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8/21/2007
09:01 AM
David Linthicum
David Linthicum
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Gartner Sees $19.3 Billion SaaS Market by 2011

As CIO Today reported last week, "The worldwide software-as-a-service (SaaS) market reached $6.3 billion in 2006 and is forecast to grow to $19.3 billion by year-end 2011, according to Gartner." However, all of the news is not good. As I've discussed many times here, the movement toward SaaS is problematic for many conventional enterprise software vendors.

This article reports on Gartner's prediction that the SaaS market will hit $19.3 billion by 2011. That's in just a few years. SaaS has clearly come a long way.

"The worldwide software-as-a-service (SaaS) market reached $6.3 billion in 2006 and is forecast to grow to $19.3 billion by year-end 2011, according to Gartner. SaaS is hosted software based on a single set of common code and data definitions that are consumed in a one-to-many model by all contracted customers, at any time, on a pay-for-use basis, or as a subscription based on usage metrics."However, all of the news is not good. As I've discussed many times here, the movement toward SaaS is problematic for many conventional enterprise software vendors. They are having trouble with both the technology and the price point. "The scale of change involved in moving to a SaaS approach is proving hard for many vendors to manage. 'Due to the law of large numbers, traditional IT product models are becoming victims of their own success, while the relative smallness of new approaches facilitates growth much more easily,' said Ben Pring, research vice president for Gartner."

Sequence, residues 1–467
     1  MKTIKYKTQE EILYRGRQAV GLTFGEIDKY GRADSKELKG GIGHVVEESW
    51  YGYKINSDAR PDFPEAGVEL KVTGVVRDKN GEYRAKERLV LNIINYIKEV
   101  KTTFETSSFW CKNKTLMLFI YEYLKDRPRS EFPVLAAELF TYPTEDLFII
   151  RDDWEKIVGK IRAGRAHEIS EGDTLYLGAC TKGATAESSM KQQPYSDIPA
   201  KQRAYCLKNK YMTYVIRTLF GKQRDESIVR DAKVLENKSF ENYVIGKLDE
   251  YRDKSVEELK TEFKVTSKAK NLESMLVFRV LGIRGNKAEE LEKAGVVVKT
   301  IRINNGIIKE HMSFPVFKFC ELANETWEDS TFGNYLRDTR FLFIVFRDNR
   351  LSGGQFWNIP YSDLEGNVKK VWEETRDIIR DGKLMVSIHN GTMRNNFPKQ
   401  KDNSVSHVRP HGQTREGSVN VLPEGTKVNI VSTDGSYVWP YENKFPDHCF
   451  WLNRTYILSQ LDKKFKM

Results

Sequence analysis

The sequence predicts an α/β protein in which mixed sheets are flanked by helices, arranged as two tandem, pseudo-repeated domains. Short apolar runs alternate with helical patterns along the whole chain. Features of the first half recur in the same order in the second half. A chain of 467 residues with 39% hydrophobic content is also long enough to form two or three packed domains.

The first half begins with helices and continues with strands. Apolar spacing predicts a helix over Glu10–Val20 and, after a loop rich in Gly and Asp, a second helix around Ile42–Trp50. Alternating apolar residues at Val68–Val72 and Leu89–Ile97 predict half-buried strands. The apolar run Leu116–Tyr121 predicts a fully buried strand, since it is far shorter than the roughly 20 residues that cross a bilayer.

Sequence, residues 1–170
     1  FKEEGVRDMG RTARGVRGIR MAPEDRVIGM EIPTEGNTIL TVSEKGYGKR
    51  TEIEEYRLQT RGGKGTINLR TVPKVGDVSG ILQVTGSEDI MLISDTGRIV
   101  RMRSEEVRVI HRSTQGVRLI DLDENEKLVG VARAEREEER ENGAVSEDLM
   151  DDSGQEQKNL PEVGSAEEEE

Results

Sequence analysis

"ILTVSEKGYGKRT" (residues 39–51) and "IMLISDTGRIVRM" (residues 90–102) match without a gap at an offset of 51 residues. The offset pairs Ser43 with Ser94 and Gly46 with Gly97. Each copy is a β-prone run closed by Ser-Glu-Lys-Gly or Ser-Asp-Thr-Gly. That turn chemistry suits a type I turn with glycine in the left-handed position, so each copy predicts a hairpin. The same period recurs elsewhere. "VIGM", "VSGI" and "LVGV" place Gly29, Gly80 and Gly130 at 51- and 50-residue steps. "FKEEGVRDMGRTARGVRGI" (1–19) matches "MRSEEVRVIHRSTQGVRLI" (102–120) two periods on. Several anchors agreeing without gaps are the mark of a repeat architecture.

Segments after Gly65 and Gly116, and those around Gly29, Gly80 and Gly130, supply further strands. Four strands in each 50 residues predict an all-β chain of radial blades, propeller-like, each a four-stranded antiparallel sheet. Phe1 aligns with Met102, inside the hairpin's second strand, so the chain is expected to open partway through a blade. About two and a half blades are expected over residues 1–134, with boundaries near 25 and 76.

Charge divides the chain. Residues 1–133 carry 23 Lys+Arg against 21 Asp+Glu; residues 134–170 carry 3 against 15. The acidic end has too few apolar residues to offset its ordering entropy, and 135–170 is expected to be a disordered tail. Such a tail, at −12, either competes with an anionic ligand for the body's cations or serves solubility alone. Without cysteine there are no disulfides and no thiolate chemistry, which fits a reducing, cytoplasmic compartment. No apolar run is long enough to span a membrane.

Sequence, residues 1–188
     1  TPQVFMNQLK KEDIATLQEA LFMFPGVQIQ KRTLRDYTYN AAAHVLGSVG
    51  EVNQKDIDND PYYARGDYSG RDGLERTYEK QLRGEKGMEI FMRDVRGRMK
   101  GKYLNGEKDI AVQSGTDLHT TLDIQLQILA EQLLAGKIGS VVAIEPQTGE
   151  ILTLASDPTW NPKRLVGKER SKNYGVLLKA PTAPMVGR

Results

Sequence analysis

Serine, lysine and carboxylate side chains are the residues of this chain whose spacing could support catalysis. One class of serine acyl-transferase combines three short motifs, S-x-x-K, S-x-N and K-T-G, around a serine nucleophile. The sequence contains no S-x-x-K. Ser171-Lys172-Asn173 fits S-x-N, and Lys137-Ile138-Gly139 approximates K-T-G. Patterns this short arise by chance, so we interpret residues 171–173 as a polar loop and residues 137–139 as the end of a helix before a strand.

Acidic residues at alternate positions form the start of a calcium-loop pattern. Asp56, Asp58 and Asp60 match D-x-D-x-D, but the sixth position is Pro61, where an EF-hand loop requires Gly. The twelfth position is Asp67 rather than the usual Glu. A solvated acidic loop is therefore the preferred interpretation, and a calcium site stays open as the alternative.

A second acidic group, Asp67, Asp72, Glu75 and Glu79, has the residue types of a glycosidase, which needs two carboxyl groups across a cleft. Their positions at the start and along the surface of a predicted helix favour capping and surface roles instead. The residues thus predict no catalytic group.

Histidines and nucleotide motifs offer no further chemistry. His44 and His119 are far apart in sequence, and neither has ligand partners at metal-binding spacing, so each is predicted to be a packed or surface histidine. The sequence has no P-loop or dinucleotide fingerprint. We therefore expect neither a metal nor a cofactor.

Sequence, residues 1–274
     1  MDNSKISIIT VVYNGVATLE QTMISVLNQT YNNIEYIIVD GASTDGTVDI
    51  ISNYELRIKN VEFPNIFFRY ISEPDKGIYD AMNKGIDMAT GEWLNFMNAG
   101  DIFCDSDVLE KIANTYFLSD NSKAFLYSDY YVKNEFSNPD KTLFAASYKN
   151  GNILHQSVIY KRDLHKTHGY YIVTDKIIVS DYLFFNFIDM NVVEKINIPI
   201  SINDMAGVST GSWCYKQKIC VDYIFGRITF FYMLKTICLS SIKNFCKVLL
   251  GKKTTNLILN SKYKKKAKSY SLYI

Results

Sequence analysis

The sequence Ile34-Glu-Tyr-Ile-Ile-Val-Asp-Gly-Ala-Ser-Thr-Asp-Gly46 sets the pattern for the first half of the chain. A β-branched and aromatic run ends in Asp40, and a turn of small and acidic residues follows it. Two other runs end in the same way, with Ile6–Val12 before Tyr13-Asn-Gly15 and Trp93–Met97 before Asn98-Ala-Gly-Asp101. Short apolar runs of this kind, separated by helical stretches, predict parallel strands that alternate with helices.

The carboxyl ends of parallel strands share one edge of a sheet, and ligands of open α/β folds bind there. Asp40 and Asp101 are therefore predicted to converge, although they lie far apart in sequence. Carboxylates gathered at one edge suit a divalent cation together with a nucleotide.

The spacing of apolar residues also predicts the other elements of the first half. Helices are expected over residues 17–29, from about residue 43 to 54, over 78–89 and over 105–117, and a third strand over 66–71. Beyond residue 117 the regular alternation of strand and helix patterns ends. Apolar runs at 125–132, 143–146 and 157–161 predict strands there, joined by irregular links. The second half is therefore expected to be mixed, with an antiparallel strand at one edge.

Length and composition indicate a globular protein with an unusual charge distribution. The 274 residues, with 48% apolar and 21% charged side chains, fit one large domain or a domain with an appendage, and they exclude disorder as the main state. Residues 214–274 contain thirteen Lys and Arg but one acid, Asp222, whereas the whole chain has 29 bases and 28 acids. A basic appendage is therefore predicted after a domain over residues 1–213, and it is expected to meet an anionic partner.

The end result of SaaS is a replacement of more conventional means of software delivery and the use of license and maintenance fees that have been driving enterprise application vendors for the last 15 years. Thus, there needs to be a huge shift in culture and sales approaches in order to make SaaS effective. Moreover, there are no more lucrative, long-term service engagements to get an ERP or a CRM system up and running. The try-to-buy model of SaaS, and the simplicity of delivery, means that not much latency occurs between wanting a SaaS-delivered product and getting it.

I see a huge shake-out in the next few years as some traditional enterprise application vendors move to SaaS and fail. Thus, the existing pure-play SaaS players become stronger, and perhaps even purchase existing enterprise application players for their customer base, moving them over to SaaS. However, I don't think software-delivered applications will go away. Indeed, that model will always have some followers, and there are many companies that still won't allow SaaS for security and cultural reasons, and, in many cases, their enterprise applications are running just fine and don't need to be replaced.

The growth of SaaS will drive a movement, a shift in the way we develop, deploy, and deliver software. And according to Gartner, the growth is going to happen rapidly.

Application integration and service oriented architecture expert David Linthicum heads the product development, implementation and strategy consulting firm The Linthicum Group. Write him at david@linthicumgroup.com.As CIO Today reported last week, "The worldwide software-as-a-service (SaaS) market reached $6.3 billion in 2006 and is forecast to grow to $19.3 billion by year-end 2011, according to Gartner." However, all of the news is not good. As I've discussed many times here, the movement toward SaaS is problematic for many conventional enterprise software vendors.

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